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Pharmacodynamics is the study of the biochemical and physiological effects of drugs and their mechanisms of action. The effects of most drugs result from their interaction with macromolecular components of the organism. The term drug receptor or drug target denotes the cellular macromolecule or macromolecular complex with which the drug interacts to elicit a cellular response. Drugs commonly alter the rate or magnitude of an intrinsic cellular response rather than create new responses. Drug receptors are often located on the surface of cells, but may also be located in specific intracellular compartments such as the nucleus.

Many drugs also interact with acceptors (e.g., serum albumin) within the body. Acceptors are entities that do not directly cause any change in biochemical or physiological response. However, interactions of drugs with acceptors can alter the pharmacokinetics of a drug's actions.


Many drug receptors are proteins that normally serve as receptors for endogenous regulatory ligands. These drug targets are termed physiological receptors. Drugs that bind to physiological receptors and mimic the regulatory effects of the endogenous signaling compounds are termed agonists. If the drug binds to the same recognition site as the endogenous agonist, the drug is said to be a primary agonist. Allosteric (or allotopic) agonists bind to a different region on the receptor referred to as an allosteric or allotopic site. Drugs that block or reduce the action of an agonist are termed antagonists. Antagonism generally results from competition with an agonist for the same or overlapping site on the receptor (a syntopic interaction), but can also occur by interacting with other sites on the receptor (allosteric antagonism), by combining with the agonist (chemical antagonism), or by functional antagonism by indirectly inhibiting the cellular or physiological effects of the agonist. Agents that are only partly as effective as agonists are termed partial agonists. Many receptors exhibit some constitutive activity in the absence of a regulatory ligand; drugs that stabilize such receptors in an inactive conformation are termed inverse agonists (Figure 3–1). In the presence of a full agonist, partial and inverse agonists will behave as competitive antagonists.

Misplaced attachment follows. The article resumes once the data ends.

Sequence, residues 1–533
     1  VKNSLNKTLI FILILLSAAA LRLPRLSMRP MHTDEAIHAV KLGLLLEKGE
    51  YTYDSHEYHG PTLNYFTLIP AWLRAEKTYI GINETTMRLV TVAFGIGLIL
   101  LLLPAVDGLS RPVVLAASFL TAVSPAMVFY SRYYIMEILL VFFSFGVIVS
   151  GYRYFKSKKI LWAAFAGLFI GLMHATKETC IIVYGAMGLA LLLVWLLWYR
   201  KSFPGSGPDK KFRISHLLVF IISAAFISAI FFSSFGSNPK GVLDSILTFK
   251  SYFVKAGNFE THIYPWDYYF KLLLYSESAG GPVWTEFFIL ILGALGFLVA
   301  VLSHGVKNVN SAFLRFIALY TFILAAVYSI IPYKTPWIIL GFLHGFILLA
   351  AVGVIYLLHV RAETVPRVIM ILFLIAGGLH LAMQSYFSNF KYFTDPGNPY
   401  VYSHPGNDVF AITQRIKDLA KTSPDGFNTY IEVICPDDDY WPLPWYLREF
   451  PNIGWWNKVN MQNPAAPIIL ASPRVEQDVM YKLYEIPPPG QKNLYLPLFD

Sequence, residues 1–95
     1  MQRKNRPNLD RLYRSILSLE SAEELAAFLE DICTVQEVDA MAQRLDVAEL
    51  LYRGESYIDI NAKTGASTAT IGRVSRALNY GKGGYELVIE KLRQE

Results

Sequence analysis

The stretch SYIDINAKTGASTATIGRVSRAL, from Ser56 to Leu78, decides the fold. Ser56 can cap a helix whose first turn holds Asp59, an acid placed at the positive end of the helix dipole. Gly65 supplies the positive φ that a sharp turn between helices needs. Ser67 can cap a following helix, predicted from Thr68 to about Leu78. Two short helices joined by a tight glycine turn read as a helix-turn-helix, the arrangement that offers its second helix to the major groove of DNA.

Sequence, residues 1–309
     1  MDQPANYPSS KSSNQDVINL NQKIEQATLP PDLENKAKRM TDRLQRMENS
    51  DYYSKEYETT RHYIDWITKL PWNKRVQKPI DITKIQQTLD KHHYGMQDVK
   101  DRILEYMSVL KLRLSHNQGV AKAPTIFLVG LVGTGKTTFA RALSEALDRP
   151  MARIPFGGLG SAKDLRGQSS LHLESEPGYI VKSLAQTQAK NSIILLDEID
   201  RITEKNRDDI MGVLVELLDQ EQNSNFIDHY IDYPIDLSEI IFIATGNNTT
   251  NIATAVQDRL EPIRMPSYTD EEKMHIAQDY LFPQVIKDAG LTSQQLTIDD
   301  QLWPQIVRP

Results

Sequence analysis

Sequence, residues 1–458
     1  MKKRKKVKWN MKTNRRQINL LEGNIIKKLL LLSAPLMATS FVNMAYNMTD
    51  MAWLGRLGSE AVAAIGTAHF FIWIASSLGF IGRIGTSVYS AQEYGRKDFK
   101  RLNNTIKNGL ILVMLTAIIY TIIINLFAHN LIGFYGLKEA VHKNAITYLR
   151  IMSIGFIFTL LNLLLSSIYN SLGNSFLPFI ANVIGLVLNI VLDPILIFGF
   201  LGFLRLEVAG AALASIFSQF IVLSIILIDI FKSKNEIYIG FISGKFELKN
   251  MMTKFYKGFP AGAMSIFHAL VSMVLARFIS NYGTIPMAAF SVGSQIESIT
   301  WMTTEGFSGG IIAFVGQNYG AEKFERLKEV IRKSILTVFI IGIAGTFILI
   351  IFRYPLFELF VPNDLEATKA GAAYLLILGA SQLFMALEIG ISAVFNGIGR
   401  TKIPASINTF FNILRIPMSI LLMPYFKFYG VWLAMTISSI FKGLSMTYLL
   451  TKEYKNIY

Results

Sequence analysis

Figure 3–1

Regulation of the activity of a receptor with conformation-selective drugs. The ordinate is the activity of the receptor produced by Ra, the active receptor conformation (e.g., stimulation of adenylyl cyclase by a β adrenergic receptor). If a drug L selectively binds to Ra, it will produce a maximal response. If L has equal affinity for Ri and Ra, it will not perturb the equilibrium between them and will have no effect on net activity; L would appear as an inactive compound. If the drug selectively binds to Ri, then the net amount of Ra will be diminished. If L can bind to receptor in an active conformation Ra but also bind to ...

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